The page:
It's 1983 and guess who has video game fever?


No, not just Archie, guess again... that's right, the entire United States has caught the mania for video games! And who can we count on to capitalize on this new craze just at the peak of ripeness? Marvel Comics, that's who.


BLIP was another one of Marvel's attempts to break into the youth market that even then was abandoning comic books for MTV, Michael Jackson albums, and other pursuits that didn't involve muscular super-champions. As a top notch piece of lifestyle reportage BLIP might not make the cut, but if you're looking for a snapshot of a time when coin-operated amusement machines captured the attention of a nation, this magazine is indispensible. For one thing, look at all the great stars they managed to talk into posing in front of video games! Why, it's Matthew Laborteaux, star of Little House On The Prairie! You might think that video games and Little House don't mix, but that show was jam-packed with so many anachronisms... sooner or later a Tron game was gonna show up in Olsen's General Store, you just know it.


Wow, Bruce Boxleitner's publicist sent them a publicity photo! And David Wallace from TV's "Facts Of Life" takes time off the set to show us his patented Zaxxon technique of "not looking at the screen". But it isn't all Hollywood glamor and glitz at BLIP!


BLIP concentrates on news you can actually use, like tips on winning the Atari home version of MISSILE COMMAND. Here's our tip; take the $30 the cartridge cost and go play 120 games of MISSILE COMMAND at the arcade. It's got that awesome trac-ball.
Also BLIP features insight into what's happening with the top video game players in the nation!


Years before he appeared in the documentary film KING OF KONG, Twin Galaxies manager Walt Day poses, minus referee outfit, to explain how he got into the business of chronicling video game high scores, and how for a brief shining moment Ottumwa Iowa was the video game capital of the world.


In industry news, we find out about the ARCADIA 2001, a late doomed-from-the-start entry to the console wars. BLIP wisely foregoes mentioning its substandard graphics and game play, instead keeping a positive mental attitude by extolling the virtues of its combination joystick and bargain price tag. But hey, I can hear you asking, this is published by Marvel Comics, so... where are the comics?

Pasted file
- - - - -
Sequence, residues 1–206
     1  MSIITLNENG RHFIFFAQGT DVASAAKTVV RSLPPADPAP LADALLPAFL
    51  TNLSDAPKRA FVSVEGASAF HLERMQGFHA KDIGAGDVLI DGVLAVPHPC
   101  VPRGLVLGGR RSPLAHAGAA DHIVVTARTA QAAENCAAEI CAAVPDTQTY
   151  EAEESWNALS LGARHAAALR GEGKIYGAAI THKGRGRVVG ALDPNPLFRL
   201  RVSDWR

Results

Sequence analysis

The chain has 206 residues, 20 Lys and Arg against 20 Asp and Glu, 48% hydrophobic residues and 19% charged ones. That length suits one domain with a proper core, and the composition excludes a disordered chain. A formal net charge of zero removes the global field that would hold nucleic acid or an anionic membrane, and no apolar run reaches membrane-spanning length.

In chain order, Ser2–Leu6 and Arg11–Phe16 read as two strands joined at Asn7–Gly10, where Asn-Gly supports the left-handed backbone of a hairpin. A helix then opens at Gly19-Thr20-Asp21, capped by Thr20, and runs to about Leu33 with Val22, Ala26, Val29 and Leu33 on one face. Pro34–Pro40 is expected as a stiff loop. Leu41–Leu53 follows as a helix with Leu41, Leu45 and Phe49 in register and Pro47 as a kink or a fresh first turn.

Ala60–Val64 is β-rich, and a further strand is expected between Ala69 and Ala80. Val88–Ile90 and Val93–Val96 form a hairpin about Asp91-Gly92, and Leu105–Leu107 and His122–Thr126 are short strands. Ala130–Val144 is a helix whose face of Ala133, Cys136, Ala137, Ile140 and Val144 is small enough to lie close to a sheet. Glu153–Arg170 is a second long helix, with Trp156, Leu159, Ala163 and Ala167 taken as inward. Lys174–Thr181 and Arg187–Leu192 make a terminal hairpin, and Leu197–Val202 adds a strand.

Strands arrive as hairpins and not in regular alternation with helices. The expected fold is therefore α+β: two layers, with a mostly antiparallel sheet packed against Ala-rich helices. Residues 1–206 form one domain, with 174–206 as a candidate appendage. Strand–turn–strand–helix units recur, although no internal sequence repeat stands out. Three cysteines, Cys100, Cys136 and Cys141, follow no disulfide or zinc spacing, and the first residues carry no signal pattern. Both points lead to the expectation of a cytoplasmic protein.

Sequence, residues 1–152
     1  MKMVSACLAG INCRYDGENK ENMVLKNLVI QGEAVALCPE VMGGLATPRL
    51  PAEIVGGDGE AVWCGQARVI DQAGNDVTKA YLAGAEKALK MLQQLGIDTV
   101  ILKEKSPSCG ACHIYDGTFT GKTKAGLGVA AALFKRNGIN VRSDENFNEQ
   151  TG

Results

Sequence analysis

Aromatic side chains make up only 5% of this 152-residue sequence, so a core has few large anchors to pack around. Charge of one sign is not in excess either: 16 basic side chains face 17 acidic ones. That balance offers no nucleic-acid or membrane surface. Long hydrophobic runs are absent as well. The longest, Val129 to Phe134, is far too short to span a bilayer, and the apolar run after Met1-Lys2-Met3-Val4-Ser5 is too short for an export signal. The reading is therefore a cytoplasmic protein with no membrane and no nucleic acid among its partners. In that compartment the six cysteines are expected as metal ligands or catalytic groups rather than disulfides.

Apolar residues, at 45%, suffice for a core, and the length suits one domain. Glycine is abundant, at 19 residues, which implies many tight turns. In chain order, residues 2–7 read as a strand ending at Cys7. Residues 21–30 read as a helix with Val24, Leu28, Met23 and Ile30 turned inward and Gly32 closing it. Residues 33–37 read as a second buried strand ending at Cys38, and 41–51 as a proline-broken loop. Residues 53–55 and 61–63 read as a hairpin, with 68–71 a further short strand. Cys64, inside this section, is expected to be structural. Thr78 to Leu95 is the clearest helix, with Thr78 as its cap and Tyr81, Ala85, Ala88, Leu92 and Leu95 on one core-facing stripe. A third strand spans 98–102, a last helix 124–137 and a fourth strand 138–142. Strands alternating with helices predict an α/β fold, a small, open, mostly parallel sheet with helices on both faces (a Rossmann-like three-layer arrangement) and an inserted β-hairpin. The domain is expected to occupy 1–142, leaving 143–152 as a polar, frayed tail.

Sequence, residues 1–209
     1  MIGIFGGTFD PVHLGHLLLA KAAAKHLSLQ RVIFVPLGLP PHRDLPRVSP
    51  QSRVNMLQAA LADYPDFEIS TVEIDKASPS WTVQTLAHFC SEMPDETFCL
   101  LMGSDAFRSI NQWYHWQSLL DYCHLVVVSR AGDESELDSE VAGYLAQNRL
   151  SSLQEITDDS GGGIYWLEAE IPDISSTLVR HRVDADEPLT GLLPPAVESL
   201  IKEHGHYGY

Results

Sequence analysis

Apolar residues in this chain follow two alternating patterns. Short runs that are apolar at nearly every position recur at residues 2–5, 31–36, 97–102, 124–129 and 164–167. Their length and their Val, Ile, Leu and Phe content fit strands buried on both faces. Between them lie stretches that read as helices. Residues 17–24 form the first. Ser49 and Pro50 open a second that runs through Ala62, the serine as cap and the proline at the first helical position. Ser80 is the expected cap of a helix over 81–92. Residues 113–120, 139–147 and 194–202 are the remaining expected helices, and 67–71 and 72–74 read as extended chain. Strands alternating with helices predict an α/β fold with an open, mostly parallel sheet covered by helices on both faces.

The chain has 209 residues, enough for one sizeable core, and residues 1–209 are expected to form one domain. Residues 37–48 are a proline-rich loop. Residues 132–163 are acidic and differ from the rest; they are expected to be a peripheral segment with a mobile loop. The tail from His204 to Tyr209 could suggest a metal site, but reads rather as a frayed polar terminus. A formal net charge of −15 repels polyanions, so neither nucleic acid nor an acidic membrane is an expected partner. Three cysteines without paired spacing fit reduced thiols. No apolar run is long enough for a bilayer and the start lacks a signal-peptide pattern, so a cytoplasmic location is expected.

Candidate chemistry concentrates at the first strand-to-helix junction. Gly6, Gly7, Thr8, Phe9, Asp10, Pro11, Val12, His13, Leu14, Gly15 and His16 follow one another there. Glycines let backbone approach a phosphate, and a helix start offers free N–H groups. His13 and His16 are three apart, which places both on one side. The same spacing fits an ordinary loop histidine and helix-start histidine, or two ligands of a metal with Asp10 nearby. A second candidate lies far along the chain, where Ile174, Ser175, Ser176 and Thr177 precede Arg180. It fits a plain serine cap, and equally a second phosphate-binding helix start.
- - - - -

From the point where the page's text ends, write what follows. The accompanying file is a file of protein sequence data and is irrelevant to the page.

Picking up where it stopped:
They're right here, my friends. Our plumbing pal Mario would spend the next two decades becoming Nintendo's star performer, but back in 1983 he was merely the mustachioed straight man to Donkey Kong, here doing what he does best in his first (and only?) Marvel Comics appearance.


Also illustrations by our old pal Gary Brodsky show Marvel's willingness to give new talent a shot at the big time, even artists who at the peak of video game frenzy are unable to find photo reference for video games. Jesus, Gary. But what does the future hold for video games?


At some point in the future we'll be able to hook our video game systems up to the phone line through a "slot"! I can't wait. Wow, Atari 5200 games played using, what, 300 baud modems? Talk about lag!
But for my money the most entertaining thing about old video games weren't the games themselves, but the ads.


Here in a well-crafted piece of completely false advertising Mattel claims that their M Network series of Atari carts were "exciting". This blatant, shameless lie was responsible for demolishing the faith and trust of an entire generation of Americans. (full disclosure- their "Armor Ambush" cart was actually very entertaining.)


Comic art legend Jack Davis totally earns his paycheck here depicting the Parker Brothers videogame "Reactor". I can guarantee you that NOBODY was EVER this excited about "Reactor." Even in an era when video games were little colored blobs bleeping and blooping and knocking against other little colored blobs, "Reactor" was considered a bleeping failure.
And yet for all its innovation and excitement, this was not Marvel's first BLIP experience - BLIP having been a part of the Marvel Universe for decades!


What's your dread secret, BLIP? Something about PAC-MAN for the 2600 sucking? Landfills full of E.T. cartridges? Coin-op arcades across the nation shutting their doors? Say it ain't so, BLIP!!!

Now you can buy Stupid Comics merchandise from the Mister Kitty Stupid Store, your One-Stop Stupid Shop!!

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